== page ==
Chrono Trigger furthers this by adding an extra dimension to the ATB system. Each character has an action gauge that fills up as time passes, at which point they can launch attacks and skills or use items. Turn order can be adjusted on the fly by simply not selecting an attack immediately. This remains true to the other games utilizing this combat system, but Chrono Trigger mixes things up by adding in character and enemy positioning to the list of things players need to consider. During battle, most enemies move around, and certain skills affect an area, making target selection of fair importance. Furthermore, Chrono Trigger makes a strong showing of keeping normal battles interesting by providing significantly varied enemies boasting various strengths and weaknesses. Some enemies are weak to a specific element, some enemies absorb certain types of magic, some are strong to physical attacks, some can launch counter-attacks, and there are even some with special effects that trigger if certain conditions are met.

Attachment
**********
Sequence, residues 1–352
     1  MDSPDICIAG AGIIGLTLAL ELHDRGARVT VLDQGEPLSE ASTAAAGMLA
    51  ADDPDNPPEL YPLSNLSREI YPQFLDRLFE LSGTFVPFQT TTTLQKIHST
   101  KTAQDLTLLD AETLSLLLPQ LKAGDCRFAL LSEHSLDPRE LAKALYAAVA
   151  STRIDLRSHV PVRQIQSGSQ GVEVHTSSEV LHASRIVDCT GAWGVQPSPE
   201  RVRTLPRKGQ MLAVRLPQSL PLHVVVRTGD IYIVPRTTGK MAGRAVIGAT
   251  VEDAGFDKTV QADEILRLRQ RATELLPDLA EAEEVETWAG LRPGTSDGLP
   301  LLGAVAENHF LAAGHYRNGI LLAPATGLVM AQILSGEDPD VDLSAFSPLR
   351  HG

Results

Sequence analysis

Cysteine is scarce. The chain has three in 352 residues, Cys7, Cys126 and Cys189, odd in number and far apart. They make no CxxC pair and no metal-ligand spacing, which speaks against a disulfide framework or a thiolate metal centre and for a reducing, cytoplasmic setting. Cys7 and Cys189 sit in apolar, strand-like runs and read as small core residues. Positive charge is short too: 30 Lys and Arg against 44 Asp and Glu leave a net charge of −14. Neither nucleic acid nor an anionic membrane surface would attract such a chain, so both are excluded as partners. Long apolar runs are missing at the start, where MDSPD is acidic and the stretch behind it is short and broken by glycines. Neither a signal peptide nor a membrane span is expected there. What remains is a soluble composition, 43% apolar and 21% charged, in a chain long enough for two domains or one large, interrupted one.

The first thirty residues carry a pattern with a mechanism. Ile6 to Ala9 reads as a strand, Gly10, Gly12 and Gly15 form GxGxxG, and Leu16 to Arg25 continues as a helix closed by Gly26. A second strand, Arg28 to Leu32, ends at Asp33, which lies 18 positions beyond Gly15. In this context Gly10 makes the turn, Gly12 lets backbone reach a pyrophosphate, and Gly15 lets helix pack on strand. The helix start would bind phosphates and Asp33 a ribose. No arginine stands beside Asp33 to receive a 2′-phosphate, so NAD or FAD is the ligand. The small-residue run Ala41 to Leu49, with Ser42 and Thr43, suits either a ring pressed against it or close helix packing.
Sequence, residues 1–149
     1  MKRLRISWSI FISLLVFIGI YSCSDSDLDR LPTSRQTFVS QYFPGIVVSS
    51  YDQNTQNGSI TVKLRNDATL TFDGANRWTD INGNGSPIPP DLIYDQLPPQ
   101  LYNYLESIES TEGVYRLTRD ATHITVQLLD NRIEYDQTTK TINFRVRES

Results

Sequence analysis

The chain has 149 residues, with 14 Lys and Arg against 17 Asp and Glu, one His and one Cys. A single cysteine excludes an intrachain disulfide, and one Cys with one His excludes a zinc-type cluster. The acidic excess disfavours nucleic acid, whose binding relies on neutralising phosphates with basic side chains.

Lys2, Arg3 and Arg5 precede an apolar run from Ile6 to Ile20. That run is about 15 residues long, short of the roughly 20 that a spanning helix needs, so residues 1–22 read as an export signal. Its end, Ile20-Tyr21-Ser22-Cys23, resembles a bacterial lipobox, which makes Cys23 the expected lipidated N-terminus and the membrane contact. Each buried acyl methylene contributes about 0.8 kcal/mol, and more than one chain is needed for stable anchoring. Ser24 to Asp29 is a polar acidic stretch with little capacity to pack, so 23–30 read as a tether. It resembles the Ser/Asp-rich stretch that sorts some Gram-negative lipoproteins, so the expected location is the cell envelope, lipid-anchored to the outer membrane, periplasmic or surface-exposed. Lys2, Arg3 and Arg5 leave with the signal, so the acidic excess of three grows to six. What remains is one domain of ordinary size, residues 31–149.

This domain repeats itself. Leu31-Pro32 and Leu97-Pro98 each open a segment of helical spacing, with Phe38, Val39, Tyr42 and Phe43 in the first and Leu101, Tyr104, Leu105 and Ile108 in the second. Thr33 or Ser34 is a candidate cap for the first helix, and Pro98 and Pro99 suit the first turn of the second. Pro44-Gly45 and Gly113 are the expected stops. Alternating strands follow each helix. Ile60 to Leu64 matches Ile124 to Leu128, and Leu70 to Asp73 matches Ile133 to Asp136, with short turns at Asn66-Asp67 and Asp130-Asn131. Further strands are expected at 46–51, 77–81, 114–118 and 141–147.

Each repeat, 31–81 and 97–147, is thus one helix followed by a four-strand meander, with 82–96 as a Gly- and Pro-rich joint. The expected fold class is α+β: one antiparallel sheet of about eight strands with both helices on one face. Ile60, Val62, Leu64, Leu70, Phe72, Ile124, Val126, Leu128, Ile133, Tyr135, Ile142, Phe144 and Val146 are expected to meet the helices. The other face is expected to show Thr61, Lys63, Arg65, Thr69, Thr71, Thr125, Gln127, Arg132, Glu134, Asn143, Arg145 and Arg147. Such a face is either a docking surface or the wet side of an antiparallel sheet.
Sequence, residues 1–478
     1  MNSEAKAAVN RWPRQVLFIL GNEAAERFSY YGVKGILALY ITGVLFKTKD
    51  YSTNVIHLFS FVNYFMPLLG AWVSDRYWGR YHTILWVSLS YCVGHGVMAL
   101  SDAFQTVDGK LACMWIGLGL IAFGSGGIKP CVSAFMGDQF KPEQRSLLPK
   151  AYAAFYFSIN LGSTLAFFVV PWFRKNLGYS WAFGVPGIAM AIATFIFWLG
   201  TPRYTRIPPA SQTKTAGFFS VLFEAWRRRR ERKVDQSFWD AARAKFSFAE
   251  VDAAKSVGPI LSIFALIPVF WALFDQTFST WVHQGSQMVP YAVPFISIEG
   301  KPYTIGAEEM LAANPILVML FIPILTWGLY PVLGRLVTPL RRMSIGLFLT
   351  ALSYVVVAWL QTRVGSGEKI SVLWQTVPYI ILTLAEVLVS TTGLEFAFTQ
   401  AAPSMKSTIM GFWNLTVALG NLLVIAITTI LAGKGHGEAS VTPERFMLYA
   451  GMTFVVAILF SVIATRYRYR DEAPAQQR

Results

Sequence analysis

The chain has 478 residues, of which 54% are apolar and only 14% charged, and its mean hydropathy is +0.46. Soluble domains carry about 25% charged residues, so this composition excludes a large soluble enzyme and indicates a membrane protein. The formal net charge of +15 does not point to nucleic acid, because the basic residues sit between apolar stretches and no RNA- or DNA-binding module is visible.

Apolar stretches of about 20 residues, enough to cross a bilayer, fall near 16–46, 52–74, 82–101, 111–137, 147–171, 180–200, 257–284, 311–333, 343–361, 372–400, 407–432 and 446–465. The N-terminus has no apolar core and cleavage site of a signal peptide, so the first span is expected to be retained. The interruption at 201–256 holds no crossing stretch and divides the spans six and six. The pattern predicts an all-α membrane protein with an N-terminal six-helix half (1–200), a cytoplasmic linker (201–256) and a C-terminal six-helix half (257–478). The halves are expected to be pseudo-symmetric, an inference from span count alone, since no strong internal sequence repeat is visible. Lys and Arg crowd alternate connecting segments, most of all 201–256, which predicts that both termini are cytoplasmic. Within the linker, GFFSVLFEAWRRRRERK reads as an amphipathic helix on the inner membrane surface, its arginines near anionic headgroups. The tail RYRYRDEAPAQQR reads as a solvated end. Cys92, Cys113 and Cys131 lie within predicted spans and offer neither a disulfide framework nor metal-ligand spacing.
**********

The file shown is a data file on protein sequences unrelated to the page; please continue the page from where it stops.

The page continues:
Interestingly, the normal encounters are something of a highlight for Chrono Trigger‘s battle system. Not only are they generally over fairly quickly, but since mindlessly mashing the attack button isn’t always effective, they are also very engaging. The DS stylus controls for battles are also particularly well done. The buttons are large and shown for all three party members simultaneously, which makes selecting characters and staggering attacks significantly easier. For those who wish to play the game in its original glory, however, the option for classic menu use is available.